Friday, April 06, 2012

Visiting Cats

A new family moved into the house at the very North end of the alley that runs behind Roseholme Cottage. They brought at least three cats, of the outdoors-sometimes variety, who have been camped out in the fenced back yard and, occasionally, outside it: a longhaired tortie (marked a bit like Rannie, but with bigger patches of white), a sleek all-back shorthair, and a very pretty gray-and-white longhair.

They seem to be fitting in well with the other neighborhood cats. Last night, after retuning from an appointment to get my taxes done (my withholding was pretty close, I don't owe the Feds or State and will get a little back), I walked up to meet them.

All three exhibited the behavior that I'm told made cats domestic: skittish, but determined to find out if this stranger might have something of interest. They started to bolt as I walked up, then the bravest (gray-and-white) came up to the fence while the other two watched nearby. All three are "talkers" and eventually, they were all mewing at me while the lead cat smoothed on the fence. Nice kitties!

I'm told housecats can do something a lot of critters can't: calm themselves. Supposedly, that's how they ended up hanging around with us as pets instead of simple mousecatchers: some adults were able to stand being around us giant bipeds long enough to have kittens and from there, well, who doesn't like playing with kittens? Next thing you know, the little critters have associated you with their mommy and you've got a genuine housecat. True or not (LabRat has likely got the skinny on it), it's interesting to see 'em make up their mind about someone -- and flattering when they decide you might be trustworthy.


Ruth said...

I'm pretty sure I remember reading that thats why a stressed cat purrs, it releases a horomone that helps calm them or some such....

DaddyBear said...

Honestly, if someone comes to my home and my cats don't warm to them within an hour, it doesn't bode well for them. Bonus points of one of them falls asleep in their lap, especially if they're a self-identified non-cat person.

Guffaw in AZ said...

Cats are cool. I've been appointed as staff for three in the past.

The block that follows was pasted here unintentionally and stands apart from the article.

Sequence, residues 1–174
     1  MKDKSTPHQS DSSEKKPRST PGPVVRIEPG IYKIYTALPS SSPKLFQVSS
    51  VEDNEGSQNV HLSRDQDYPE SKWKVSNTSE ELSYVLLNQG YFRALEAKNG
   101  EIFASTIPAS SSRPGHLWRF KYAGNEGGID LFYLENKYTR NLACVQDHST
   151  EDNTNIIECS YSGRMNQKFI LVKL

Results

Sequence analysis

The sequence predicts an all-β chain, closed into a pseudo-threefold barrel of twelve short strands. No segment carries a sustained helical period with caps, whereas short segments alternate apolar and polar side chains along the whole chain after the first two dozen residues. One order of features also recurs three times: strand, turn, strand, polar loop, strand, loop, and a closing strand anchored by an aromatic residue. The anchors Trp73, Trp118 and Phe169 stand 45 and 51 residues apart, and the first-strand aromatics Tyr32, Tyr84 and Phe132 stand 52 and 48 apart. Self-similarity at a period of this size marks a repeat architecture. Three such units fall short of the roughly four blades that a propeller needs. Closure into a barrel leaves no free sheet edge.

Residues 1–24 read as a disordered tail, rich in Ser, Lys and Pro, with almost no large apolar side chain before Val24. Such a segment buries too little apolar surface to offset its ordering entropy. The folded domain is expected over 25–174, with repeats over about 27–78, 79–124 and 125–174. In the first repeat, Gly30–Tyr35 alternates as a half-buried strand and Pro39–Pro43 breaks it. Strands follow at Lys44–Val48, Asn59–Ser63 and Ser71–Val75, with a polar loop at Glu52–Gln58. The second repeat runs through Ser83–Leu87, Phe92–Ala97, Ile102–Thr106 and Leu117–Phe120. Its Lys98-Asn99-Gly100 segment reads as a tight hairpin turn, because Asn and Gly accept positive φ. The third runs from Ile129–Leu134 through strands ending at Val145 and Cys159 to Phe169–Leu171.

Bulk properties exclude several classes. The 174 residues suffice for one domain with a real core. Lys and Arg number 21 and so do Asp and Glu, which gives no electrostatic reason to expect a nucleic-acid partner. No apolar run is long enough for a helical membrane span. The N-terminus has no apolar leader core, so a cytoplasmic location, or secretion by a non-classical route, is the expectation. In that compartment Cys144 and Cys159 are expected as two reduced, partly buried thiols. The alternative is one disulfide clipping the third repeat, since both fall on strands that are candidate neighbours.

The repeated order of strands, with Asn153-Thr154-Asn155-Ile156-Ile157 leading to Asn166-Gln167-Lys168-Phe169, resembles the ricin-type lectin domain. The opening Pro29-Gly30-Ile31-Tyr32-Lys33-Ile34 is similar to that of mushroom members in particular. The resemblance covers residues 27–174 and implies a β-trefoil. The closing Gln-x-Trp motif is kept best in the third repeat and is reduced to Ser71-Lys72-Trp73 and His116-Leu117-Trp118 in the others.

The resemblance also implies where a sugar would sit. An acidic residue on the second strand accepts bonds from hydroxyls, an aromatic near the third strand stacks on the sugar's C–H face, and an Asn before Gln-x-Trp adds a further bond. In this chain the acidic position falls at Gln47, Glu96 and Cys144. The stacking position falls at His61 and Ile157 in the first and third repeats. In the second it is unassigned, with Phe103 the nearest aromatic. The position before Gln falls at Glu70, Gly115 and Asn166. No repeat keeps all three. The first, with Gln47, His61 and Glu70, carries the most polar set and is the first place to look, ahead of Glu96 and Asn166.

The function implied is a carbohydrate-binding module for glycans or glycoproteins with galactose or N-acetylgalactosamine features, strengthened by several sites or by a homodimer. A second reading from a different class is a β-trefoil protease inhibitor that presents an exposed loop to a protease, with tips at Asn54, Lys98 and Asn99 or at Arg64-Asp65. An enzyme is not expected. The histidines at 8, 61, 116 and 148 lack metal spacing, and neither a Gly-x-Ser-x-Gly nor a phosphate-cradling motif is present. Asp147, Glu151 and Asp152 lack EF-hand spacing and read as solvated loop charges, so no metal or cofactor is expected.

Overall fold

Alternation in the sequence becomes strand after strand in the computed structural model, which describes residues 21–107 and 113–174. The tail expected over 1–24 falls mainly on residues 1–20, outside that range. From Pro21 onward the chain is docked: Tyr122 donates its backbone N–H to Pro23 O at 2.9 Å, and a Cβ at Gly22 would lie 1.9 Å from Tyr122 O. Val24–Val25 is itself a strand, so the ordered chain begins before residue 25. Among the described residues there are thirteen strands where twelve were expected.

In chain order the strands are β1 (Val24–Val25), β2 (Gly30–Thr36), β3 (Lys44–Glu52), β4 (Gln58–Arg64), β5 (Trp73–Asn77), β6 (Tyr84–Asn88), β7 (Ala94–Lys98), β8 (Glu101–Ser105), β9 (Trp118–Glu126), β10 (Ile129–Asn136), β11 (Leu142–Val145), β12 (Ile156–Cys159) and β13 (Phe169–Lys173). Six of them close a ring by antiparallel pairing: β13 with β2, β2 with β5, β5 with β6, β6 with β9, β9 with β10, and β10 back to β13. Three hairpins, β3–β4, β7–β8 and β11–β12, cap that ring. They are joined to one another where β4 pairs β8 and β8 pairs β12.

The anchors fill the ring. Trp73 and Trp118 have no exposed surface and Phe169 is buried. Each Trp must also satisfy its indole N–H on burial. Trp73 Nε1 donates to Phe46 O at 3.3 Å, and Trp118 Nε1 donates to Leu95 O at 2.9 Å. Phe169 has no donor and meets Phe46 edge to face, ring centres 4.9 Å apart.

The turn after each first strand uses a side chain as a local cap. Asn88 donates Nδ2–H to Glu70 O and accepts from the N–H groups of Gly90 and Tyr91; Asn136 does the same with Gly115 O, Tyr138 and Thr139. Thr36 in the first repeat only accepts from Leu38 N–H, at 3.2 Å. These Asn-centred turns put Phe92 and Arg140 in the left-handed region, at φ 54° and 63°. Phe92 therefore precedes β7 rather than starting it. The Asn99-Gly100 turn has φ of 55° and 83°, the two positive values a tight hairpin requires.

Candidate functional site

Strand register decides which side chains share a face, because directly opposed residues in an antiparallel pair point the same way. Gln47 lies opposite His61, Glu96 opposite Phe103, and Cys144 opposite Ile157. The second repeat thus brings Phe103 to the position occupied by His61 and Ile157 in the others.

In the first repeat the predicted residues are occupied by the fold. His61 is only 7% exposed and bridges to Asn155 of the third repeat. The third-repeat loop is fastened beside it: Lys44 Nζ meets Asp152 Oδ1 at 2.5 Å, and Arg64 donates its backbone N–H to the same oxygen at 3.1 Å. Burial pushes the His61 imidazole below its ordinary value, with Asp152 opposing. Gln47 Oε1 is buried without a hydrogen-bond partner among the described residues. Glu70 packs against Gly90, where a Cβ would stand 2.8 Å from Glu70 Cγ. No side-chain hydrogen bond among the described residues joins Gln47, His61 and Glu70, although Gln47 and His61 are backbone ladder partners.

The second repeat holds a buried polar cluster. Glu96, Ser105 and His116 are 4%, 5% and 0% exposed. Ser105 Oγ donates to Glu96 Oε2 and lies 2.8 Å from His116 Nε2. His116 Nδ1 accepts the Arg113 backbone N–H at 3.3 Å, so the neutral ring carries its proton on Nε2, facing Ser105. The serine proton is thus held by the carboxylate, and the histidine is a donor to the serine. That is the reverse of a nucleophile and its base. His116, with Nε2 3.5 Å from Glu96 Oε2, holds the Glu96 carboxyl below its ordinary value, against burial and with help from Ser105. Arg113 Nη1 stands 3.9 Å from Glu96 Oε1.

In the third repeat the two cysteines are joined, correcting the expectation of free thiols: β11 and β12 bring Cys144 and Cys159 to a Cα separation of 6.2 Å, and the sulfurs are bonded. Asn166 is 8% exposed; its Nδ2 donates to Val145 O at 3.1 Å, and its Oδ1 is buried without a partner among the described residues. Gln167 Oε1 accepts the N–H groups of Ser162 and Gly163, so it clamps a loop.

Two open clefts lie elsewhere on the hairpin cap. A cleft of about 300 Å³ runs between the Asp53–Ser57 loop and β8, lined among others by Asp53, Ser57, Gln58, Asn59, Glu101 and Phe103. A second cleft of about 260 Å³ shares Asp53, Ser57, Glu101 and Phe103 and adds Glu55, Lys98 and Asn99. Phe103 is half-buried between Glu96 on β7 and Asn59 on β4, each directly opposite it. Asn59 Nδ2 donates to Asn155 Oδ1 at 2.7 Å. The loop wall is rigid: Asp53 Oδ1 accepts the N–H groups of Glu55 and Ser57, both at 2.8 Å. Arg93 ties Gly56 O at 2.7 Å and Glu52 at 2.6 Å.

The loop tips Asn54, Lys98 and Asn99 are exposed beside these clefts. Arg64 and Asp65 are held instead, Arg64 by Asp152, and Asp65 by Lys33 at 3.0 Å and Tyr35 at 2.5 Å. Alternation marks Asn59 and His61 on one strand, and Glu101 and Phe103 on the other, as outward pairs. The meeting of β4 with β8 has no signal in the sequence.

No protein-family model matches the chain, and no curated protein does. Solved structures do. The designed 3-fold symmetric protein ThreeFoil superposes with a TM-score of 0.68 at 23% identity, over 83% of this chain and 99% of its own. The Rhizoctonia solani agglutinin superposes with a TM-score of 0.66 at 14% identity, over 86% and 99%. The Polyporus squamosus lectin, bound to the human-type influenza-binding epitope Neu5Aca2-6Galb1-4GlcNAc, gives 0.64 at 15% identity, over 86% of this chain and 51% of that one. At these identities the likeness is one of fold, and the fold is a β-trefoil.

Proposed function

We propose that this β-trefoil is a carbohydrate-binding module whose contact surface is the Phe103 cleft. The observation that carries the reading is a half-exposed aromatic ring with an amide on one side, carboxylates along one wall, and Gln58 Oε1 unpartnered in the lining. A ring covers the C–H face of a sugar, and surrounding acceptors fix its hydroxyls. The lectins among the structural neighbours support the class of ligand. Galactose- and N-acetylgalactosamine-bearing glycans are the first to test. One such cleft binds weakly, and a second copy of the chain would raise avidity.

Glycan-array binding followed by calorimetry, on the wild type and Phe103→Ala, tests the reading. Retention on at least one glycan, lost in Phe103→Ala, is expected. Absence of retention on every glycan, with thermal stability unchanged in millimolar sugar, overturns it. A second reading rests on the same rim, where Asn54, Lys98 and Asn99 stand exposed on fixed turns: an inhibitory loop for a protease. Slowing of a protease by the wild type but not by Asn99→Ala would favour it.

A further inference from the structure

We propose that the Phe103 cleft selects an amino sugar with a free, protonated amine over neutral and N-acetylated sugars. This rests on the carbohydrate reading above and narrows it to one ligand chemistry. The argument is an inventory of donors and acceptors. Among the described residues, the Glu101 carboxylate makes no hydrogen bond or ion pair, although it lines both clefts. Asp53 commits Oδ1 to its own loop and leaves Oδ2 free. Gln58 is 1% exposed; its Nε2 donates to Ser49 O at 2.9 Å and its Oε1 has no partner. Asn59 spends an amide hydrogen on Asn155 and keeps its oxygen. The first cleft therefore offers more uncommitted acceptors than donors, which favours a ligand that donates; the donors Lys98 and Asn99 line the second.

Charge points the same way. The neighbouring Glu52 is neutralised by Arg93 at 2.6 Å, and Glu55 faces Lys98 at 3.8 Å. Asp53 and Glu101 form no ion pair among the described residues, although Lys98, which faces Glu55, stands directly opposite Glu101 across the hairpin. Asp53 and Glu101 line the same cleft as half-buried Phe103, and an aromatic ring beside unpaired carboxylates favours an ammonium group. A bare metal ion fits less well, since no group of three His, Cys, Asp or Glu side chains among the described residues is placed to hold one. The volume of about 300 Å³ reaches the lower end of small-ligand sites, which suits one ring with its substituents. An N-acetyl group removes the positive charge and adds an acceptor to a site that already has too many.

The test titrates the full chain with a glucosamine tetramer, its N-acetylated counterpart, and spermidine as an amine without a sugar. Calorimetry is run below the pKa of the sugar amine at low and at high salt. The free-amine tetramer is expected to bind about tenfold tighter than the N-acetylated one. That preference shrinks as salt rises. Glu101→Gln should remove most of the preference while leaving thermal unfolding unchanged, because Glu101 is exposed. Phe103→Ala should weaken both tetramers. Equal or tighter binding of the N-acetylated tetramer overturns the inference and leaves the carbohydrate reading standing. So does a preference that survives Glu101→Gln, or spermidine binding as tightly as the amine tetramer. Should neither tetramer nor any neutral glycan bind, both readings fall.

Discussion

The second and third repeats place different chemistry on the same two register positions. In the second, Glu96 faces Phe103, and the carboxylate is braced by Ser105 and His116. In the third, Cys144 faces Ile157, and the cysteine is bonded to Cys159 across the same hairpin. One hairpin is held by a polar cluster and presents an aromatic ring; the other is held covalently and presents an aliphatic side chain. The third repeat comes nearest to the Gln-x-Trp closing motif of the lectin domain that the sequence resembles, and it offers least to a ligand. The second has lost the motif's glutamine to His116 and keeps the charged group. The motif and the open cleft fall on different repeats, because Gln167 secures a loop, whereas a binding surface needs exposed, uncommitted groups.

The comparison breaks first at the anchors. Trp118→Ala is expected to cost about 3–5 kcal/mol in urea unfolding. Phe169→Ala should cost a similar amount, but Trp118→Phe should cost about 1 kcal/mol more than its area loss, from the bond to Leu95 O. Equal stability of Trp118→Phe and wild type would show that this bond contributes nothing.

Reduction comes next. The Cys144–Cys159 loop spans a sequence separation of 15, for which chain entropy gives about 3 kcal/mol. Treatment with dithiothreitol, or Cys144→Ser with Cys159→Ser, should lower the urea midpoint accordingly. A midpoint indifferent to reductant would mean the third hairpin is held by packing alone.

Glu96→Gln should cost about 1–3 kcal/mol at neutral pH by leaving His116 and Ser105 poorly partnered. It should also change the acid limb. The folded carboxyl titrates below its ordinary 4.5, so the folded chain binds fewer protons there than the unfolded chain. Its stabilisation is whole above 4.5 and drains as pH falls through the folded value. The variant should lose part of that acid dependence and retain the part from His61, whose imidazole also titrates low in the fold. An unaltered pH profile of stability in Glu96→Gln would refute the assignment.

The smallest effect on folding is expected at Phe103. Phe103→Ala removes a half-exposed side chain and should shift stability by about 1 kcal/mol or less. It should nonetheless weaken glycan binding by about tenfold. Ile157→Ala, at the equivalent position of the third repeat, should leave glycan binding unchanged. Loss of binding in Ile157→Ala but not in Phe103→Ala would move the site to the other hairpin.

I like them. A few is fine, but there ARE limits.
Don't become another cat lady!
;- )

LabRat said...

The domestication story is fuzzier than you'd think on most domestic animals, including dogs (no matter what Coppinger will tell you, and he will, over and over again at increasing volume), but yes, the ability to calm themselves and to exert self-control to investigate a potential good thing is something any animal must have to be domesticatable at all.

Where cats get interesting is that, compared to dogs or horses, their social software is much... rougher. They're much more prone to what amounts to emotional breakdown under pressure. Displacement aggression is much more a cat thing than it is a dog or horse thing- something unrelated fires the cat up and gives it a huge spike of anxiety or territoriality and... its buddy is sitting right there next to it. Cats have had to eventually be rehomed after a cascade of aggression and fear that started with one displacement episode.

Anonymous said...

We have had 7 cats show up in the barn at our place and stay over the last 20 years. My wife can get them calmed down in no time.

I just ignore them till they decide that I'm not a threat and the source of food.


rickn8or said...

Along with what LabRat said, I was wondering how Rannie and Huck were dealing with this massive invasion and your infidelity.

"Hey you! Get gone! That's MY foodservant!"

Roberta X said...

Huck and Rannie do not go outside. Well, Huck sometimes, on a leash.

The Freeholder said...

Roberta, we all know our own. Thus, why the cats warmed up to you.

Frank W. James said...

Actually, even though we have a small dog now, I'm a CAT-person, but my wife is allergic to them so we have our 'son's' dog, a miniature dachshund.

However, I've learned over the years that you can create a sort of 'gun-cat'. You see in the winter I use a .22 LR revolver to shoot sparrows out of the door-tracks of the out buildings and CATS absolutely LOVE sparrows.

It's gotten to the point that when I miss our 2 outside cats will criticize my marksmanship and complain there should be a dead treat at their feet.

Neither of them is as a result scared of gunfire and many times when I'm working with a rifle, prone, on my backyard firing range I find the female rubbing against the back of my head while I'm pulling the trigger on an extremely loud AR-15.

They REALLY ARE social animals and can decide for themselves what's good and bad.

I love the dog, but I still prefer cats because, bottom line, they ARE predators and if our outside female was 50 lbs heavier I WOULDN'T GO OUTSIDE AT NIGHT!!!!

She is always leaving us 'presents' in the morning at the back door and they are not the ones the dog leaves...

All The Best,
Frank W. James

Roberta X said...

That's wonderful! Frank, you are a genuine original -- and so are your cats.